Easily apply online for the money you need to finance a car, home or small business at competitive rates and adjustable terms.
First, am I eligible?
To qualify for a loan with Chase, you must:
- Be at least 18 years old.
- Be a US citizen or permanent resident.
- Have at least good credit.
Depending on your loan type, you might need to meet other eligibility criteria.
What types of loans does Chase offer?
Chase does not offer a typical personal loan to help pay off your credit card debt, take a vacation or other needs. Instead, Chase offers home, business and auto loans that range from $5,000 to $5 million.
- Mortgages. Buy or refinance a house with a fixed-rate or adjustable mortgage offering terms of 10,15, 20, 25 or 30 years. Interest rates vary depending on the term.
- Business term loans. Used by lenders to consolidate business debts or purchase equipment and goods, these loans have terms that range from one to seven years.
- Auto loans. Finance a new or used car or refinance an existing auto loan. Use Chase’s online calculator to estimate payments and rates based on your creditworthiness and the type of car you’re financing.
|Want to learn more about Chase loans?|
|Read the Chase mortgage loans review|
|Read the Chase business loans review|
|Read the Chase auto loans review|
Why should I consider taking out a Chase loan?
- Joint loans available. Chase can issue credit to multiple people based on combined incomes.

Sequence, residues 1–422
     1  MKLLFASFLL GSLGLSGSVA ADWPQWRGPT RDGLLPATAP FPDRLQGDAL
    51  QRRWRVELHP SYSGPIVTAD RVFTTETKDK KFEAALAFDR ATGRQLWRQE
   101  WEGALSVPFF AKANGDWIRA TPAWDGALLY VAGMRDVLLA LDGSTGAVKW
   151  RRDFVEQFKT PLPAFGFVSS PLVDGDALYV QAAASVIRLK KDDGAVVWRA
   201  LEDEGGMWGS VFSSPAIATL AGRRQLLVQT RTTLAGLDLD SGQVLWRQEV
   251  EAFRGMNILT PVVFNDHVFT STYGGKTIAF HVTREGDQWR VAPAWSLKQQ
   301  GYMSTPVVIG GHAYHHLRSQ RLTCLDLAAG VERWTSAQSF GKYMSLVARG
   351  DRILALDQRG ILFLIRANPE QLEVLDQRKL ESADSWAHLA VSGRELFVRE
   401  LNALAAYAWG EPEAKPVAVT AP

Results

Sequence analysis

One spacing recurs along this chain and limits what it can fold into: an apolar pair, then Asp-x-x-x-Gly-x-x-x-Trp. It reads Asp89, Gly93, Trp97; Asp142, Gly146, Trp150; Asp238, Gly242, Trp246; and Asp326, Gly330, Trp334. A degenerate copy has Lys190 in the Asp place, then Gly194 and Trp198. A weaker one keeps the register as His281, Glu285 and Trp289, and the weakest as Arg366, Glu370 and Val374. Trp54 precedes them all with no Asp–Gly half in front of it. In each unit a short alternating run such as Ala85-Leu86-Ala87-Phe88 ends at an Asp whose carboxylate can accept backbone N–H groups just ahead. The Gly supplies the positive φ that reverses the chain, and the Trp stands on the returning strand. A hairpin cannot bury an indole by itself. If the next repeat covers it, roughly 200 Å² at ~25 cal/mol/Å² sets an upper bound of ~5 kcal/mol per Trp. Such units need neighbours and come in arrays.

- Easy online pre-approval. Learn your estimated rates and how much you can borrow before applying.
- Quick funding. Receive your money in 1 to 7 business days.
- Repeat borrowing. Easily refinance or borrow additional money with good credit.
- Other banking products. Open checking and savings accounts, debit cards, credit cards and lines of credit.
Compare Chase loans to other lenders
How much will it cost me to borrow with Chase?
How much a Chase loan will cost will depend on your overall creditworthiness and other factors.
After you apply for a personal loan, Chase calculates your interest rate based on your credit score, your credit history and other factors. Chase then provides a loan estimate that itemizes your loan’s total cost, including the APR, interest rates, loan terms and other important details.
Are Chase loans safe?
Chase uses 128-bit encryption to keep your banking information safe. Its site also also secured by SSL encryption, which scrambles your information to make it more difficult for hackers to intercept.
If you encounter any problems with the website or application, you can call Chase’s customer service.
What does the Internet say about Chase?
Chase’s online reputation is not great. Remember the subprime mortgage crisis? JP Morgan Chase & Co. was involved. In 2013 it reached a $13 billion settlement over its mortgage practices. That settlement doesn’t have much to do loans it directly offers, but its reputation as a financial institution hasn’t totally recovered.
That might explain why it’s not accredited with the Better Business Bureau — alarming for such a large bank — and gets an F rating based on 123 customer reviews, 97% of which are negative. It fares better on Trustpilot, scoring a 8.3 out of 10 with 63% of reviewers rating it as “Excellent.”
Many reviewers complained about having issues making payments and didn’t like its frustratingly archaic way of dealing with problems. Its customer service got lukewarm reviews at best — many reviewers felt Chase didn’t care enough about them.